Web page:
grandpasrose
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I think I said that a couple of post ago "like all good things in life they are only good when used in moderation"! :lol:
Glad we have the same conclusion! :wink:
VAL
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opabinia51
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Yes, I just wanted to correct the statement that you made about the neem oil not harming beneficials.

Of course, for anyone reading this thread: Neem Oil does not have a huge detrimental effect on beneficials but, it can if used to often.

I'm also glad that we have come to the same conclusions Val.

opabinia51
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Bump

jstr12
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It would also affect the food chain. Ladybugs would either move out or starveif there were no bugs to eat. Then again the ladybug couldn't be doin' much good if you have to use neem oil! :lol: I don't think it's just the good things in life that must be used moderation, it's just the bad things in life shouldn't be used at all! :wink:

jstr :D
Jstr =D

grandpasrose
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Rather than repeat everything I have just written, please refer to the post made in the Rose Gardening General Discussion Forum under the Japanese Beetle thread. The post date is July 18. It contains the results of research I have done regarding impacts on several types of insects. :wink:

Val
VAL (Grandpa's Rose)

zenharmonic
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hi new to this forum, found it by looking at the food forest thread, you will see me there to. My thoughts on spraying anything is long term, in my few short years of gardining ive found that trying to rid your garden of any bugs just makes more bugs. If left alone and the garden will find balance and no one bug will take over. PS: the more plant species the more preditory bugs, weeds are good!

AngryItalian
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a quick question: does neem oil deter ants? I found ants in 2 of my potted plants and so i was wondering if that would get rid of them eventually

opabinia51
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I think that it might but, discussions in the forums have come to the conclusion that ground cinnamon is the best way to detur ants. Cloves were used for something else.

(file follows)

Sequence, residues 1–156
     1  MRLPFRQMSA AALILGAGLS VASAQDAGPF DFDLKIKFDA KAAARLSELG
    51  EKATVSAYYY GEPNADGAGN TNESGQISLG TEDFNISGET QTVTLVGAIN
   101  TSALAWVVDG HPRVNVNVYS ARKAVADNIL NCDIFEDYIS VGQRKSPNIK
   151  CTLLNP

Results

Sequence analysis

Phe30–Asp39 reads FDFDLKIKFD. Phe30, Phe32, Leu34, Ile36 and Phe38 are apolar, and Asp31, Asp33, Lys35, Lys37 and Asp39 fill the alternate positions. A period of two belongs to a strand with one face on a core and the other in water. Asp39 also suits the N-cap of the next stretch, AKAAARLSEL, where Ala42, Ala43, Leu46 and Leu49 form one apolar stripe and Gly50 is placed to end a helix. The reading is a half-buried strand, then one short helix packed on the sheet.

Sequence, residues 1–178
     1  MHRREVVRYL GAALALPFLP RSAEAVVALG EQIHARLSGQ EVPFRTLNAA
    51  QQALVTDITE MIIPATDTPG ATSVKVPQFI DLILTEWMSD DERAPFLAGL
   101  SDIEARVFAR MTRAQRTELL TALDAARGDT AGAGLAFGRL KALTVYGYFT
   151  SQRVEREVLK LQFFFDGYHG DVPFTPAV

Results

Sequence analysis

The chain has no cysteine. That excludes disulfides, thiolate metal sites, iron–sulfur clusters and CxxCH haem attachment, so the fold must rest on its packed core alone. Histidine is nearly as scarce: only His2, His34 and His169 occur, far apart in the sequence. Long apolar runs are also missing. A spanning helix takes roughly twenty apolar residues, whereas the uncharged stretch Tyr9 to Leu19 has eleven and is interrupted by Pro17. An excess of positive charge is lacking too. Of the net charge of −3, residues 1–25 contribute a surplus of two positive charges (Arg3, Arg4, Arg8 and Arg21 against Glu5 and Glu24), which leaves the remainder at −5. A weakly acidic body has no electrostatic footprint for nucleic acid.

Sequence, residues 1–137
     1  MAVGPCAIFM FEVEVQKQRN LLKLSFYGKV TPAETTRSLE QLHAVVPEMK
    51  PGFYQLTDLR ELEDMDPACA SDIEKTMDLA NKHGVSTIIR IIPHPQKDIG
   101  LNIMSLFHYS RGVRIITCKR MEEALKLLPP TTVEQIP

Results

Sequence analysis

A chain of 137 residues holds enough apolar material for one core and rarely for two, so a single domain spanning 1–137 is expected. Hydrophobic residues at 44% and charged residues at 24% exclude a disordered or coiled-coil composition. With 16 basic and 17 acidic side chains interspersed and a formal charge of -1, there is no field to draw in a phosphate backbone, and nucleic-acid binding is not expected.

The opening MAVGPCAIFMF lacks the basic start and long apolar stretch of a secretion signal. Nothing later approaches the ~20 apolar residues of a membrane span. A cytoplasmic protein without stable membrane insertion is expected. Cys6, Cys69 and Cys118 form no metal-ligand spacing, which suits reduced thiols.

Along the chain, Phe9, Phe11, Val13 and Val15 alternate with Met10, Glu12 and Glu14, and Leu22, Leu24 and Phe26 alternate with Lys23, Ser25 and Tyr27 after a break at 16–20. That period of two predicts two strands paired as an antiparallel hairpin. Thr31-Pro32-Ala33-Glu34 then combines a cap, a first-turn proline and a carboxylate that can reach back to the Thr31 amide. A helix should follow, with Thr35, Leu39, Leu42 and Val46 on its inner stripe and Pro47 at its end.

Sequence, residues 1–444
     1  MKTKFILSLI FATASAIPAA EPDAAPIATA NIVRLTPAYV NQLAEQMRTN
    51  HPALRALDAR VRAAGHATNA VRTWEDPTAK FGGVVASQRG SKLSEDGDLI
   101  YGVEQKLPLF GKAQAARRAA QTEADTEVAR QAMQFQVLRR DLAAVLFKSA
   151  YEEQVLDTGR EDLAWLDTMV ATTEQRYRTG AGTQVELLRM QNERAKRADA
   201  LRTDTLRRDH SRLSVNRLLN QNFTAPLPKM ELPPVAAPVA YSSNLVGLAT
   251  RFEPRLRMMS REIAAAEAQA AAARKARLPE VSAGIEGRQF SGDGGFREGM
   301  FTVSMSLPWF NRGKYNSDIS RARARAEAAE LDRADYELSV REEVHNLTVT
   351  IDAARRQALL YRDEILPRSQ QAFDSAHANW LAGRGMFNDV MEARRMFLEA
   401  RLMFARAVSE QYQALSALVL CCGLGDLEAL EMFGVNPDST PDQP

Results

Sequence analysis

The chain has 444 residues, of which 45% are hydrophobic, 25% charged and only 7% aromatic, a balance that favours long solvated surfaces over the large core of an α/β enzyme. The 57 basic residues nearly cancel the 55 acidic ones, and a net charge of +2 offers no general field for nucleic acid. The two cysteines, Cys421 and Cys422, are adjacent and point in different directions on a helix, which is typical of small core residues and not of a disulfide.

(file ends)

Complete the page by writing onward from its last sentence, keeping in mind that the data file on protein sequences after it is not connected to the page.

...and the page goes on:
Just use the in forum search engine found at the top of the page and look for ants to find the discussions on the topic.

As to Neem Oil, I would read through the information contained above to find out if it would help, if memory serves; I think it would but, I would recommending checking above before using it.

Keep in mind that you should only use it about once a week so as not to harm beneficial insects such as Bees which are taking a real beating in North America.

TheBigEasy
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Re: Neem Oil

opabinia51 wrote:
Our answer to insect problems is usually: Neem Oil. but, I think that it is important that people know about Neem Oil and it's effects. (Not to say that it is a really bad thing :wink: )

Anyway, I recommend that people give this thread a read.
I've read through this thread, and I think I may give it a whirl to try and help out my banana tree. The thing was very healthy and had a few offshoots and I was looking to put it into a half barrel in a week or so, (I still live in an apartment, so I cannot yet put it into the ground) and I noticed a whole lot of little tiny black bugs that seem to be hanging out near between the leaves and the trunk. Not sure what they are, but they sure seem to have caused some harm to the tree and I've got to do something, so ]this neem oil seems like a good bet to try, especially with all of your recommendations.

Thanks

opabinia51
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Sounds to me like you may have aphids, these little pests puncture the plant and eat it's sap.

Anyway, soapy water seems to be the trick for aphids.

TheBigEasy
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opabinia51 wrote:Sounds to me like you may have aphids, these little pests puncture the plant and eat it's sap.

Anyway, soapy water seems to be the trick for aphids.
Thank you. Just spray away? Dish soap maybe?

opabinia51
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Yep, dish soap will do the trick.

TheBigEasy
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opabinia51 wrote:Yep, dish soap will do the trick.
Thank you much! I'll give it a whirl.

Newt
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Here's a recipe for home made insecticidal soap. Be sure NOT to use anything that has detergent, but only soap.
https://www.care2.com/channels/solutions/outdoors/194

Newt

gmreeves
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I have been placing my herbs and tomato seedlings outside for the whole day and I noticed that my squash, zuchinni, and cucumbers (which are already in the ground) are covered in aphids. I squirted them with water to get rid of them but am thinking of spraying neem oil on all of my plants tonight when I bring them in. Will spraying neem oil on my seedlings hurt them since they are so young?

a white rabbit
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opabinia51 wrote:Sounds to me like you may have aphids, these little pests puncture the plant and eat it's sap.

Anyway, soapy water seems to be the trick for aphids.
..yup, wot 'e said..

..any piercing insect just hates to get yuk-sticky on its piercing parts, add a tadge of neem or rotenone and you'l nail 'em coming and going..

Inamon
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So as a new gardener I'm still finding my feet. neem is mentioned alot as the way to go to get rid of bugs, so I sprayed last night with a ready mixed store bought batch. Things looked good this morning and through the day but now that I am home at night (11pm) my melon plants seem to be in very bad condition.